Shader study 1
Found two very helpful Youtubers, The Art of Code and Inigo Quilez, who are very generous to provided useful tutorials for shader writing. I really appreciate that.
Watched some of their videos and Ray Marching caught my eyes. It is a different way than the traditional ray casting approach to calculate the distance of the objects. I found it very interesting and did some simple practice.
I’m still in the exploration of this approach new to me. Then I deciced to follow the 5hour live coding tutorial Happy Jumping. For the first step, a simple sphere with sun light, sky light and shadow, but a lot learned.
Normal calculation: ref


In here a trick, when a ray doesn’t reach any surface, set it to negative if (t > 20.0) t = 1.;


In here when we write the lower sky where it gets a little gray. First, col
is getting darker when rd.y
is increasing. exps
returns the natural exponentiation. genType mix(genType x, genType y, genType a);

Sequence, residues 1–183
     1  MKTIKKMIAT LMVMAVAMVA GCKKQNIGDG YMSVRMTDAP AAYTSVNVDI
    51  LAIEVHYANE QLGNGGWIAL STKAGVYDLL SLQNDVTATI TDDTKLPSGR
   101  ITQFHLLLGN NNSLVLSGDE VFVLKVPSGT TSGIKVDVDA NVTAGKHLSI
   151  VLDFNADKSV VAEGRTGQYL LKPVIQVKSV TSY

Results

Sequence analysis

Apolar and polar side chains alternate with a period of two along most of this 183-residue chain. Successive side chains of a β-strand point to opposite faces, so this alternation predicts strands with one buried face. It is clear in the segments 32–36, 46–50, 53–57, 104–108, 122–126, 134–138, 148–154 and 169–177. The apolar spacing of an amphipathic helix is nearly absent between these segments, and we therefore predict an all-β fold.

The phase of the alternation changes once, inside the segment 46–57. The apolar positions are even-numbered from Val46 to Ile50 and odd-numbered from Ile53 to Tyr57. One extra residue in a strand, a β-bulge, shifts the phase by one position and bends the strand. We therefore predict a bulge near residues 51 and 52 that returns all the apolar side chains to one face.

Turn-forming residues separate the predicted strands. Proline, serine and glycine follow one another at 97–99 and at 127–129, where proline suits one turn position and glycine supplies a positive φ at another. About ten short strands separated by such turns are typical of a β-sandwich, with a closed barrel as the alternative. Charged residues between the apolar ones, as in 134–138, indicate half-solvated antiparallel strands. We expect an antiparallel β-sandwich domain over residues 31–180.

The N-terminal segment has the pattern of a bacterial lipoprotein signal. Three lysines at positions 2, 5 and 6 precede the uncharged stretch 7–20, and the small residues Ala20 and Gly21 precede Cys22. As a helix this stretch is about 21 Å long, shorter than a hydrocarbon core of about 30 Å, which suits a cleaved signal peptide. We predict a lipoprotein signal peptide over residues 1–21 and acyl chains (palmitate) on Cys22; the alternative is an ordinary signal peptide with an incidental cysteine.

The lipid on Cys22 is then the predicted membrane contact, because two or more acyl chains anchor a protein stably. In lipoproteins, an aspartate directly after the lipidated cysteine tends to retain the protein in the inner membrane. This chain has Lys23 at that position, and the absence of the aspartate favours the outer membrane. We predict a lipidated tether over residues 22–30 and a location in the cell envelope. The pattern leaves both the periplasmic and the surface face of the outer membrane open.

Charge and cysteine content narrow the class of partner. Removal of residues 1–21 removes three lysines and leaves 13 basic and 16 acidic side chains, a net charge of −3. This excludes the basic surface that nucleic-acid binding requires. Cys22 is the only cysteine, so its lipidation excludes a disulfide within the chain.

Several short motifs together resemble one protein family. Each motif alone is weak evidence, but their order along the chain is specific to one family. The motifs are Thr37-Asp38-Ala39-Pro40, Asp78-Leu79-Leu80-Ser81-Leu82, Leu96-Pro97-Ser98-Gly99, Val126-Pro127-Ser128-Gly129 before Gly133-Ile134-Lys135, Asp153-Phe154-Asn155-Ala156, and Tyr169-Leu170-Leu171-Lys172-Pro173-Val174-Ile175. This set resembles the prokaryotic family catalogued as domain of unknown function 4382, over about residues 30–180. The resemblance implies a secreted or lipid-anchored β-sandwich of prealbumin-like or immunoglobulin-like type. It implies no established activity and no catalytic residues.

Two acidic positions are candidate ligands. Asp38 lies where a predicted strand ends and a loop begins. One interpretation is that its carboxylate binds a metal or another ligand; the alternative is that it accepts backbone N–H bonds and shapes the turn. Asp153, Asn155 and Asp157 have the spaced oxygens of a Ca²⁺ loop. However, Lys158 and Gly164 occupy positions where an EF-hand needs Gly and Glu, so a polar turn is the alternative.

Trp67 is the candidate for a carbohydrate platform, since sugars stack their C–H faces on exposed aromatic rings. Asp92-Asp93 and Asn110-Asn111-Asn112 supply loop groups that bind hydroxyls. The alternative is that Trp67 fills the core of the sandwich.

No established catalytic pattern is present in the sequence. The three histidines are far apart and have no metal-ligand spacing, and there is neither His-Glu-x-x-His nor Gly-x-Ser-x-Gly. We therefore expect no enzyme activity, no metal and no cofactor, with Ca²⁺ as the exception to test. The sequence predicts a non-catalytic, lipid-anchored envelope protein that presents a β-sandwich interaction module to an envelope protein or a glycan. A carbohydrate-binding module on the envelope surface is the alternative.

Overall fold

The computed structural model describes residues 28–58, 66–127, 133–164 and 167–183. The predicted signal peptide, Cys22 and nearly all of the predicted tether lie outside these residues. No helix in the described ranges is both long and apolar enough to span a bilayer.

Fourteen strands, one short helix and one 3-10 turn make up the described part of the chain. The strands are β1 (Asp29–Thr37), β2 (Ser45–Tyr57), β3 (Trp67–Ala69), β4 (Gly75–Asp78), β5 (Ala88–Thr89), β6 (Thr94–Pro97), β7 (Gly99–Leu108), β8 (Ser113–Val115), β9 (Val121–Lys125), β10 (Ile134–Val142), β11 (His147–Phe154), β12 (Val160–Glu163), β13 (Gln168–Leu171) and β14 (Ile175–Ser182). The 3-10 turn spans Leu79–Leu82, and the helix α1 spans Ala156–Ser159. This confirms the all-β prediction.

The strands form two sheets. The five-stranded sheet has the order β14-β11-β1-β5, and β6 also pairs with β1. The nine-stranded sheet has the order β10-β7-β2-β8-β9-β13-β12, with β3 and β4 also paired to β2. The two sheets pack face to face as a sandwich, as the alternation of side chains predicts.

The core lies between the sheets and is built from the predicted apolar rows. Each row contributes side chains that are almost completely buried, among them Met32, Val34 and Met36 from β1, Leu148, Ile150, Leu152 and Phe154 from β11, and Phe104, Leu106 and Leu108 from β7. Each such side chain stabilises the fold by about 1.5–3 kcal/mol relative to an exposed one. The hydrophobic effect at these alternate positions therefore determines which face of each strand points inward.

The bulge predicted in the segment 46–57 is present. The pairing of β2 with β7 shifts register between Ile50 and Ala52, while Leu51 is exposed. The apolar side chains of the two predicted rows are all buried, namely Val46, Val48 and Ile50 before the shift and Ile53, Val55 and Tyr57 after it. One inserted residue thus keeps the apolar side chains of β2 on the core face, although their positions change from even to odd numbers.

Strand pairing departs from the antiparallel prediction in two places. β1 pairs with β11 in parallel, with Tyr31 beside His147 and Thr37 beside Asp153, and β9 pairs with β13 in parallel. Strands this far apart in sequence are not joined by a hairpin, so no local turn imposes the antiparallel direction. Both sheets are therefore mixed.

mix
performs a linear interpolation between x and y using a to weight between them. The return value is computed as x*(1−a)+y*a
.


In here the sun shadow. step
generates a step function by comparing x to edge. For element i
of the return value, 0.0
is returned if x[i] < edge[i]
, and 1.0
is returned otherwise.


Gamma correction, or often simply gamma, is a nonlinear operation used to encode and decode luminance or tristimulus values in video or still image systems. In my understanding, Gamma correction usually gets rid of the ‘overshadowed’ color and makes the lighting looks more natural. It is necessary for many simulated scene.